Right after Zoe was born and Eric was born, I was in a season of need. Almost the entire first year of Zoe's life, I was in a season of need. Not once did Nathaniel complain about this. He encouraged me and built me up. He loved me. He gave me 100%. Some days it was all I could do to give 10%. Now it is my turn. This is my season of 100%.

This is also when I learn what love is and how little I understand it and how little I can do anything to deserve it. True love is self-sacrificing. 

I love 1 Corinthians 13 from The Message,

Love never gives up.
Love cares more for others than for self.
Love doesn’t want what it doesn’t have.
Love doesn’t strut,
Doesn’t have a swelled head,
Doesn’t force itself on others,
Isn’t always “me first,”
Doesn’t fly off the handle,
Doesn’t keep score of the sins of others,
Doesn’t revel when others grovel,
Takes pleasure in the flowering of truth,
Puts up with anything,
Trusts God always,
Always looks for the best,
Never looks back,
But keeps going to the end.

We're in an unequal season right now, Nathaniel and I. It's hard for both of us. For me to give more and for him to need more. Yet what I need to learn, now and forever, is that this is when I need God more. He becomes what I need and only what I need. The excess that I give is more than made up by what God gives to me. And as we keep looking for the best, not looking back, not keeping score, God will sustain us to the end.


Minutes adding up to beautiful

Nathaniel and I had a good long talk on Sunday, sitting on the porch swing in the unseasonable January sunshine.

Something that we started a few years ago that has made a big difference in our marriage is the Sunday check-up. We put the kids down for their nap and then we take a break. We go over what is on the schedule for that week, who needs to do what and who needs to go where, and once that is done, we just talk.

Our talk this Sunday centered around what we want the ideal of our life to be and what it actually is. My morning ideal (ideal, mind you) is everyone waking up happily, and then we traipse (yes, we traipse) into the kitchen to make pancakes from scratch. Breakfast is calm and orderly. Then, Nathaniel and I sip our hot coffee while the children run along and happily play together. We have wonderful adult conversation and laugh at each other's jokes. It's all very nice. The actuality of our mornings is cranky children that wake up very, very early with sheets that need to be changed because a diaper leaked, breakfast is cold cereal (with whatever is at the bottom of the boxes because I need to go grocery shopping) that then gets spilled on the floor. Cups of coffee have to be microwaved and then re-microwaved because there's no time to drink them in between cleaning up whatever the shrieking children spill. Attitudes are poor, all-around. The dog is licking the bottom of the high chair. Conversation consists mainly of questions to each other such as, "Why do we have two shrieking children?" No one is laughing at any jokes.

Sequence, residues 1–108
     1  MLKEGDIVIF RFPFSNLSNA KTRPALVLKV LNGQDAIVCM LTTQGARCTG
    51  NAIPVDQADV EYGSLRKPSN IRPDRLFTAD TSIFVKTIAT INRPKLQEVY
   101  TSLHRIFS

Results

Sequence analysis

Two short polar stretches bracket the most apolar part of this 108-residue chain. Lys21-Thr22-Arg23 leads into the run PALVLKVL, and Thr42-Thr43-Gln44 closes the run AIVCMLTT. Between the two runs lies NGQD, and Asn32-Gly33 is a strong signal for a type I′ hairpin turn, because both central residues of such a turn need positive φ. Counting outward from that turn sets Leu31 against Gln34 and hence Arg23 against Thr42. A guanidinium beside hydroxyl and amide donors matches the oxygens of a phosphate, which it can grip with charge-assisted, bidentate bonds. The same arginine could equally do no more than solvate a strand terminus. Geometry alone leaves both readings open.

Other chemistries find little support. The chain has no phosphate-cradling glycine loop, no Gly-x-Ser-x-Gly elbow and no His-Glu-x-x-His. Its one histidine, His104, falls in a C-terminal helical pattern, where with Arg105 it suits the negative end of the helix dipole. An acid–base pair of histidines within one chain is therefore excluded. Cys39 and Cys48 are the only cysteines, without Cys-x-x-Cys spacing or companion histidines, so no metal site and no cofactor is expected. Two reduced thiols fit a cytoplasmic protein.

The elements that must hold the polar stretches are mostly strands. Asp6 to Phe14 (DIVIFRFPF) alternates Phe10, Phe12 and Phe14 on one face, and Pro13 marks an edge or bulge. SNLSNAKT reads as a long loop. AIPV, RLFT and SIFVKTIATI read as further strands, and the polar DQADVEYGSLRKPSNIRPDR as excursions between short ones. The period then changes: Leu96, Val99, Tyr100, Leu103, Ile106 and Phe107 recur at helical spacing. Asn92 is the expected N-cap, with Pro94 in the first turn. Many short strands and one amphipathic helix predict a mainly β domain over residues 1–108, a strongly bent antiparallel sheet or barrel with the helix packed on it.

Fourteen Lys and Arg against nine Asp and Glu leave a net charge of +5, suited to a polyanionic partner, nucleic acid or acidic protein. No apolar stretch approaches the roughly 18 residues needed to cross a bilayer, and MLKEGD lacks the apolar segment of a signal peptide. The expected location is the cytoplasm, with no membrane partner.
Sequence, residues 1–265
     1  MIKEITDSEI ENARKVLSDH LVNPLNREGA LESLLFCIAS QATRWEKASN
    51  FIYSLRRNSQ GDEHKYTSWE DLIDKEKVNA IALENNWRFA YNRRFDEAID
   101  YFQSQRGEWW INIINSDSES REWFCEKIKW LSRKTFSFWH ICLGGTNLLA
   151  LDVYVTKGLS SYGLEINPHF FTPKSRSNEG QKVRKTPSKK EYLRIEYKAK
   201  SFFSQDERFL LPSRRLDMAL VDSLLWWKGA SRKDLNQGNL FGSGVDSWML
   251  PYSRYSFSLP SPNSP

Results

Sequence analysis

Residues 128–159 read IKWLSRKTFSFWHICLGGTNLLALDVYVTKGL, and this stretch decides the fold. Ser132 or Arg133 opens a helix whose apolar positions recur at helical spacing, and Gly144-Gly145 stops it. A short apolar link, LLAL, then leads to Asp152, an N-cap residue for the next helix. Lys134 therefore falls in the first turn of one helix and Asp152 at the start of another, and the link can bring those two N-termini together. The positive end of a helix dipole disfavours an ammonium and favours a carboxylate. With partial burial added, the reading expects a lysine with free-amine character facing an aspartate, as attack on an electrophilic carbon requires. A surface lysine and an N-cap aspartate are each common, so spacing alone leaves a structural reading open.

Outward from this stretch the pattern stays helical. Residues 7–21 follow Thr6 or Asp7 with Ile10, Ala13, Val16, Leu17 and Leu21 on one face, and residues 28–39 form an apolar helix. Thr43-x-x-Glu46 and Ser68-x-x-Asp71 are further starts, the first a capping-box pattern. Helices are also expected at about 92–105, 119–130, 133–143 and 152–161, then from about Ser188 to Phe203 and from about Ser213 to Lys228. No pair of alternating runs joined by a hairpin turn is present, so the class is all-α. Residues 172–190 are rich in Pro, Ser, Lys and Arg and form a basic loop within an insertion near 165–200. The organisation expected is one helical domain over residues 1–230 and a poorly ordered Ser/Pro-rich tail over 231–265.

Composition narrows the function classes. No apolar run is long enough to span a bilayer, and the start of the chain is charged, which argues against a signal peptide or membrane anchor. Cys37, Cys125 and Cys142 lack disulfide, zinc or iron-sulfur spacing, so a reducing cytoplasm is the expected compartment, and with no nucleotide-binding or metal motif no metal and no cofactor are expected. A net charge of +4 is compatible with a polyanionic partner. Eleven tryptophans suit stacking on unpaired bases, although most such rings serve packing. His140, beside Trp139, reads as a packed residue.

What I love about this quote from Mitch Albom is that life is made up of beautiful minutes. The hours and the days are often messy, or dreary, or just simply hard. But those beautiful minutes are what makes a life full and rich. The stage of life that Nathaniel and I are living is hard. Toddlers and babies take up so much energy. Teaching takes up energy. It never feels like we have enough minutes for anything.

Yet, in the middle of that not-so-ideal breakfast, we looked out the window at the bird feeder that Nathaniel had filled weeks ago. There at the feeder was a cardinal, with his partner waiting her turn on the fence.

A beautiful minute.

As we were getting ready for church, Zoe so sweetly helped get Eric's blanket and bottle ready for the car without asking.

A beautiful minute.

Everything in the sermon at church seemed to speak directly to what we were going through. Every song had a line that meant something.

A beautiful minute.

Mitch Albom gets it. Life isn't perfect, our marriage isn't perfect, but minutes can be. And those beautiful minutes are what makes life beautiful.



I had a moment about a month ago. It was 10:30 on a Thursday night. I was exhausted. The kids were sick, and had been sick for what felt like months. Nathaniel was upstairs, reading and writing. He'd had to stay up late the last four nights, trying to get his last papers finished up for the semester, and I missed him. I was grouchy because I was staring at a sink of dirty dishes that needed to be washed. And since the dish fairy doesn't visit our house, well, ever, I needed to do them. And I didn't want to. I had three stacks of papers that needed grading, and I didn't want to do that either. The next day was a work day, and all I could think about was how unfair all this was. All I wanted was to crawl into bed and to wake up to a clean house, well kids, graded papers, and a husband who didn't have to stay up late working.

And then, it happened. It was one of those times where you step outside yourself and it's as if you're looking down on your situation. What I saw was an ungrateful person, standing there complaining about a blessed life. 

I have absolutely nothing to complain about. 

Bottom line: 
I am saved by grace. Christ died so that I might have life. No other words needed.

I have an amazing husband who helps so much. He stays up late so that he can spend the evenings with us. He encourages me, brings me flowers, loves me even in my too-frequent grouchy moments. He supports me in so many ways. 

I have two wonderful kids that bring us such joy.

I have a house, two vehicles, amazing friends that build me up, a job that allows me to work part-time at something I love, et cetera, et cetera, et cetera.

So my word for 2014 is gratitude

When I have the worst attitude, when I find that my priorities are all out of whack, these are the times when I have the least amount of gratitude. Part of becoming more like Christ is living outside of myself. For me, this means I need to actively focus on what I am thankful for. This is a practice I want to develop in myself. I want to choose gratitude

Instead of focusing on what I don't have, 
or what I wish were different, 
or what I wish I had more of, or less of, 
I am committing to a year of 
practicing gratefulness.

A life of gratitude doesn't mean that there won't be problems. It doesn't mean hiding the hard things under the rug. It does mean a shift in perspective and a willingness to look for the good in a situation. This is what I want to grow in this year. I desire to see beyond my first reaction. I want to learn that in everything, God is already there.

Do not be anxious about anything, but in everything by prayer and supplication
with thanksgiving,
present your requests to God. And the peace of God, which transcends all understanding, will guard your hearts and minds in Christ Jesus.
Phillipians 4:6-7, ESV